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Amgen, Sanofi cholesterol medicines “not cost-effective”, need to drop price by two-thirds

Published on 17/08/16 at 09:02am

A new study published in JAMA has suggested that Amgen, Sanofi and Regeneron would have to reduce their prices for cholesterol lowering therapies, such as Repatha (evolocumab) and Praluent (alirocumab), by up to two thirds to make them cost effective in the US.

The range of drugs are called proprotein convertase subtilisin/kexin type 9 (PCSK9) inhibitors. They work by lowering LDL cholesterol. The study, however, found that at 2015 annual cost levels of $14,000, the drugs would not be cost effective for patients with heterozygous familial hypercholesterolemia or atherosclerotic cardiovascular disease.

The researchers indicate: “Although new, expensive therapies indicated for short duration or for treatment of rare conditions have this far been absorbed by the budgets of health systems, the high cost of PCSK9 inhibitors is uniquely challenging.” They point to the lifelong nature of this form of treatment being a key driver of this challenging issue.

They add: “As a result, the potential increase in health care expenditures at current or even moderately discounted prices could be staggering.” The researchers use the quality adjusted life year (QALY) measure to judge the drug’s cost effectiveness.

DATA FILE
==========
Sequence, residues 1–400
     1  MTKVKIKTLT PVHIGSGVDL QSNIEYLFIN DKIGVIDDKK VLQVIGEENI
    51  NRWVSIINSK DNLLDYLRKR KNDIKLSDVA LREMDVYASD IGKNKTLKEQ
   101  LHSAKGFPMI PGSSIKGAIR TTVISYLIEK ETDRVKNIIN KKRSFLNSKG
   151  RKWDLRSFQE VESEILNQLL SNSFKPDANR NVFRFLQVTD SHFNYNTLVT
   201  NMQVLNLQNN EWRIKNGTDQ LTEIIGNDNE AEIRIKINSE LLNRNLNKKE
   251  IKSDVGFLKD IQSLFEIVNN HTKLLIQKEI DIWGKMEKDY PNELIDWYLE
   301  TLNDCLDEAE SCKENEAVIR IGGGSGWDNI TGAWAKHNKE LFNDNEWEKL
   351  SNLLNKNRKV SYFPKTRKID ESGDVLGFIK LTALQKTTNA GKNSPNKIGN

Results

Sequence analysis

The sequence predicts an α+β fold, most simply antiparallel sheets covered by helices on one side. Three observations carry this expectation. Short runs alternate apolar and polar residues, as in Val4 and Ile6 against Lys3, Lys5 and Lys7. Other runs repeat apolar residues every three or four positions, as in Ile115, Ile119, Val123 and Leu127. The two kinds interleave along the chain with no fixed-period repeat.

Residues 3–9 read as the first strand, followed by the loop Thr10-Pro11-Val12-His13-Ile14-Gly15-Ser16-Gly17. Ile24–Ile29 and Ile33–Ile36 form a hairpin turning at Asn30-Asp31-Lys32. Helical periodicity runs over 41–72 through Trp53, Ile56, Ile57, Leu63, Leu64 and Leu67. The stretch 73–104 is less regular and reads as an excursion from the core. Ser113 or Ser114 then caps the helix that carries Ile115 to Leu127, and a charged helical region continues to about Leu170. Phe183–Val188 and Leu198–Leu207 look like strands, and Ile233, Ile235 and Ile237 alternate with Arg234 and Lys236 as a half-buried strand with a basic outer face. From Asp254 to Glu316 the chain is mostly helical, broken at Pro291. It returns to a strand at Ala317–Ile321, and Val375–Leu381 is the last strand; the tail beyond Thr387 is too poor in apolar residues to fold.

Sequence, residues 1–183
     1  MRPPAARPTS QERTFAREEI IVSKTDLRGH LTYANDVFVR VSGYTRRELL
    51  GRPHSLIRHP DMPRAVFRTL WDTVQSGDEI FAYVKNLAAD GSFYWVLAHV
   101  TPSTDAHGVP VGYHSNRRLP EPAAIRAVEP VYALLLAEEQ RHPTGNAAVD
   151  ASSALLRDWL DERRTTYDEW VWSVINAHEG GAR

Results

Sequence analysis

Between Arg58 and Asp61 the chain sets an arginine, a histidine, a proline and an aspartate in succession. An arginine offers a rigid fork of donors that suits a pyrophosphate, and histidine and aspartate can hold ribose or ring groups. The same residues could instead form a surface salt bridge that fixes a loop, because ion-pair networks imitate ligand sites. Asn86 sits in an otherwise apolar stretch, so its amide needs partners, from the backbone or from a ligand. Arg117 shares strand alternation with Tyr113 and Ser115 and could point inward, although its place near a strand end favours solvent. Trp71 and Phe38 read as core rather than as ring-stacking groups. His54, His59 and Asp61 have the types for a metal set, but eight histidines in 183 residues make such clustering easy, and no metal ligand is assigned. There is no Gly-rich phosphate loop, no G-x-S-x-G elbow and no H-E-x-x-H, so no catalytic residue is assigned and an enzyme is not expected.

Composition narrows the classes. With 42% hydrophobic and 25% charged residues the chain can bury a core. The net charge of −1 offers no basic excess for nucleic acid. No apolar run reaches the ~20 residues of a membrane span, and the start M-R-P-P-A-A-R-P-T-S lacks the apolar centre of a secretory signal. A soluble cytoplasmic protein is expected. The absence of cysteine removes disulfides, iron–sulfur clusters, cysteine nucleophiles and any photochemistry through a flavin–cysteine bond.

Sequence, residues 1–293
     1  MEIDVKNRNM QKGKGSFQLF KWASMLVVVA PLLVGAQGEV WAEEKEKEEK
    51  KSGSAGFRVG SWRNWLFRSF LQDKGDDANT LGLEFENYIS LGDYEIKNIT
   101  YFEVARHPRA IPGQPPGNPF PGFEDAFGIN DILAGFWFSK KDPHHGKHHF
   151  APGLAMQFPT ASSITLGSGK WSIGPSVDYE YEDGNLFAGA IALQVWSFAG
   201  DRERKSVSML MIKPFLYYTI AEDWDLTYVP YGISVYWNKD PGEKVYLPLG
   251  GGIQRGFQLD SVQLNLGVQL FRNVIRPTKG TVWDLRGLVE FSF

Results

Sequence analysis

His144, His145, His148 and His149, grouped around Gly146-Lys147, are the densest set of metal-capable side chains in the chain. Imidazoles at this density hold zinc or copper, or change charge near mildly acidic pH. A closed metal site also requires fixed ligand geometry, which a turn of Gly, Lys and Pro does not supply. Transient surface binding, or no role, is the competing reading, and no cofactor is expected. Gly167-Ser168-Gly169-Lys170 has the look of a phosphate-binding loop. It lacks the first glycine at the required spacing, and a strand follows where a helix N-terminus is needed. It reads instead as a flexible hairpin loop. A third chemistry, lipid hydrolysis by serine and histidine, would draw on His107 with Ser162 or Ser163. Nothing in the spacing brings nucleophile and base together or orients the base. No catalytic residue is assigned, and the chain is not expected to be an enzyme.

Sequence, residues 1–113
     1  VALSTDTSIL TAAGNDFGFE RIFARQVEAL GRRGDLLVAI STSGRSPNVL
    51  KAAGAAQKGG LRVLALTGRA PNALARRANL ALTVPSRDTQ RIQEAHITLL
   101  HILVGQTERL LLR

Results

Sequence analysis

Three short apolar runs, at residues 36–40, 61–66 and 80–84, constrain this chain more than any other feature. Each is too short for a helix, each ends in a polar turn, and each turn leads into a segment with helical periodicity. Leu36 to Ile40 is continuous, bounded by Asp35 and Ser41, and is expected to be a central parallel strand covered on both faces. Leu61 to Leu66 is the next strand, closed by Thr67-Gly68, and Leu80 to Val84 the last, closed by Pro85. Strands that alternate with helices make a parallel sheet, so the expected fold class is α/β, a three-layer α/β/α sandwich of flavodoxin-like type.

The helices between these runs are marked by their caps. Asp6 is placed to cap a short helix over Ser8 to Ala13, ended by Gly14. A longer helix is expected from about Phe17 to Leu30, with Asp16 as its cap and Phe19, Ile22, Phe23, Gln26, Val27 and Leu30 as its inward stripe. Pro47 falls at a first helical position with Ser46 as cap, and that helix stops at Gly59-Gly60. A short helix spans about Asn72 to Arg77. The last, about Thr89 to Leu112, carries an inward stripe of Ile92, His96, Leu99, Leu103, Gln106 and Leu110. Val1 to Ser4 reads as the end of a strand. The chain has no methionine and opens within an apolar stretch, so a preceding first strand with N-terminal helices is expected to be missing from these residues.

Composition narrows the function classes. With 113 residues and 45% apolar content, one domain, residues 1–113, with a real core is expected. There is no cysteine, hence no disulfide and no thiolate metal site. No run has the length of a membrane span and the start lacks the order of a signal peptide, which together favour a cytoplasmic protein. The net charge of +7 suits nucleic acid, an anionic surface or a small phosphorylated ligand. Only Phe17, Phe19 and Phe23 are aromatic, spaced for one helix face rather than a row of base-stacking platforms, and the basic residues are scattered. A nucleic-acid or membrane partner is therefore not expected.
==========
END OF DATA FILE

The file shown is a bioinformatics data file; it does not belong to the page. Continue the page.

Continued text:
To reach a cost-effective price of less than $100,000 per QALY, the annual drug costs would need to be reduced from $14,350 to $4,536 per patient, according to the researchers.

The team concludes: “In the face of limited health care resources, payers must consider the potential trade-off between paying for new drug treatments like PSCK9 inhibitors and investing in interventions known to improve access, physician prescription rates, and patient’s adherence to statin therapy among those at high atherosclerotic cardiovascular disease risk.”

In response, Sanofi and Regeneron have said that the research “exaggerates real-world use of PCSK9 inhibitors”.  Amgen indicated that it “strongly believes in the clinical and economic value of Repatha”, pointing out that other studies have suggested a “value-based price” for Repatha of as much as $15,000.

Sean Murray

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